Scoping a project resolves questions and issues related to project goals. The scope determines the deliverables, tasks, costs and deadlines. It’s the big picture view of the project.
Project managers need a clear scope for assigning tasks and scheduling deadlines. Likewise, the outline allows efficient budget management.
Project teams also benefit from a clear scope. It keeps the team focused and on-task. As project teams know, clients’ wants and needs often change during the project cycle and when change requests are made, a project scope allows the team to respond.
Therefore, the scope also acts as a boundary. It can block drastic changes that the project can’t accommodate. This is key to managing scope creep.
Also known as requirement creep or feature creep, scope creep is when a project requirements has increased over the project’s lifecycle. For example, a project that starts with one deliverable now has five. Or a project with four essential features at the outset now has 10.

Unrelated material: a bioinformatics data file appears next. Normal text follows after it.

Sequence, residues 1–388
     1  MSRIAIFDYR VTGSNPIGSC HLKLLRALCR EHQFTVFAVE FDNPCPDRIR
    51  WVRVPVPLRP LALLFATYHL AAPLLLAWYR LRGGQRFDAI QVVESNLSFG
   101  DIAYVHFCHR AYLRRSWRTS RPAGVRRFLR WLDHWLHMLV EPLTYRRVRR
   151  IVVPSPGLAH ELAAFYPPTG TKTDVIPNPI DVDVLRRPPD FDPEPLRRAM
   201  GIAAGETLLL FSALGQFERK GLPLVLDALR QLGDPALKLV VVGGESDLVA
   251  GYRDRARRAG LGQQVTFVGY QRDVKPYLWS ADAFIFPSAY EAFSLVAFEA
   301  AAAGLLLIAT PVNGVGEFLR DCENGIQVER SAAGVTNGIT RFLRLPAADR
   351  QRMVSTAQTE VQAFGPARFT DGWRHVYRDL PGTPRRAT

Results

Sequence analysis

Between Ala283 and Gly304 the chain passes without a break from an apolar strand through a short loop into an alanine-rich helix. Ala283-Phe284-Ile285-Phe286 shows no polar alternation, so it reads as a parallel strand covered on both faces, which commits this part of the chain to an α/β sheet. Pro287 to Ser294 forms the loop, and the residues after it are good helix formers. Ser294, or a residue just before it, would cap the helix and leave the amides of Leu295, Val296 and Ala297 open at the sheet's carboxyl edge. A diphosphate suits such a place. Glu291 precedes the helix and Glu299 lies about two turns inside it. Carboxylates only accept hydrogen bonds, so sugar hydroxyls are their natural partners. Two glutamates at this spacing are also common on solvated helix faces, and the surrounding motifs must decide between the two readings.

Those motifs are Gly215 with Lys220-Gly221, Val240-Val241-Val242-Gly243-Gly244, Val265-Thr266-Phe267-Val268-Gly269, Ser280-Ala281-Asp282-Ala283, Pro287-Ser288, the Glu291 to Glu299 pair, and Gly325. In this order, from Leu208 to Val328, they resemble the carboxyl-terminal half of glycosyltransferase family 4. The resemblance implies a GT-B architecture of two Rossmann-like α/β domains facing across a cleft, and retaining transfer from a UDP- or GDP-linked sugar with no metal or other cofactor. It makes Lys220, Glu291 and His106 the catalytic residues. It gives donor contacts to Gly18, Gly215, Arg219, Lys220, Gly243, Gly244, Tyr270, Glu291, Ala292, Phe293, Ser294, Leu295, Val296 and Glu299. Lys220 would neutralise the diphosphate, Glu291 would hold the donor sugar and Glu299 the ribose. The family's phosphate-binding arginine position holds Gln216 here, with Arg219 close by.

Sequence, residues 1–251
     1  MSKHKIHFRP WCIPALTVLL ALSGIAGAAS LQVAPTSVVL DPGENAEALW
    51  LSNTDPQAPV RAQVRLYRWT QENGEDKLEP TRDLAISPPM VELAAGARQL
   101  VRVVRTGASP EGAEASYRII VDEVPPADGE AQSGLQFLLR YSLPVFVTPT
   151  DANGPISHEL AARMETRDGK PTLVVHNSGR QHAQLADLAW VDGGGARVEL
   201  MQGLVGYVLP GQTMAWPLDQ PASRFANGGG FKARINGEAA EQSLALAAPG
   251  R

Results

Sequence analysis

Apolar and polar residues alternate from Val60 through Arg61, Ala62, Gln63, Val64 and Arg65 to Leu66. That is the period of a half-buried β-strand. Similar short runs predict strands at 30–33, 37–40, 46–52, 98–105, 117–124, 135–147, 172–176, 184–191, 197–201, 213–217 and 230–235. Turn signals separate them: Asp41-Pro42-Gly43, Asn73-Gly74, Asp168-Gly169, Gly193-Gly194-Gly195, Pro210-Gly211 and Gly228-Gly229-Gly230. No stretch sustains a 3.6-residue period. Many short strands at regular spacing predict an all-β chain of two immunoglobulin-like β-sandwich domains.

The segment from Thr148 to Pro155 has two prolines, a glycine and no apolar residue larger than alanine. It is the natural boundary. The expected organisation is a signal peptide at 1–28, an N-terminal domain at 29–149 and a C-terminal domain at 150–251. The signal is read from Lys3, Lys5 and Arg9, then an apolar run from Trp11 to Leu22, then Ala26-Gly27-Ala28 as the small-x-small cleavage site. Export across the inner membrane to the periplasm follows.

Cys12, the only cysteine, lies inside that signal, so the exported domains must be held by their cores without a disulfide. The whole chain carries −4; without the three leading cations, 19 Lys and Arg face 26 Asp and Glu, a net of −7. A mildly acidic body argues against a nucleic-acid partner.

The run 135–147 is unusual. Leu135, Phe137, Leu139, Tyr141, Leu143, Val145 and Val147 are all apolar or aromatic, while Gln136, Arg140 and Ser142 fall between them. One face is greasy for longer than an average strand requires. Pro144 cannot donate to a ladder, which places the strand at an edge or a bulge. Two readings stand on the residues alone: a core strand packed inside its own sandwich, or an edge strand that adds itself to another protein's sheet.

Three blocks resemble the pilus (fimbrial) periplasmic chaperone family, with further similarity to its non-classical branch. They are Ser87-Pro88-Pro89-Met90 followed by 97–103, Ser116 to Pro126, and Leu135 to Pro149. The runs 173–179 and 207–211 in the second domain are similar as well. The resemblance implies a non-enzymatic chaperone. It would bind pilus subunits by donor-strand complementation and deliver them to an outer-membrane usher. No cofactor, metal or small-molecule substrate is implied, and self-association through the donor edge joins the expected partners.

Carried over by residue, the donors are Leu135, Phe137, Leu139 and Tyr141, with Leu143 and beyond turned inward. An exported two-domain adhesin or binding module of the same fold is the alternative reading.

Some scope creep is caused by stakeholders changing requirements. It can also be a result of miscommunication or disagreements.
It may not always lead to delays, blocks or a project going over budget. That’s because scope creep isn’t always a bad thing. Customers’ needs will change over time and delivering a project that meets their needs means altering the scope. Enforced, limited scope creep is a reality of project management and one that a manager expects.
To set the scope, you need this information before the project starts:
A scope statement outlines the project, providing key information. This is the springboard for the entire project.
Writing a scope includes:
Information gathering – the project manager gathers precise information so they can set the key elements. These include budget, objectives, quality and project timeline.
Inclusions and non-inclusions – the statement sets out what’s included in the project. It’s also common to note what’s not included. This makes the work easier to define and minimises scope creep.
The scope is shared with all stakeholders and the project team. This ensures everyone involved knows what changes can or can’t be accommodated. For fluid and responsive project management, you can always review and revise the project scope as necessary.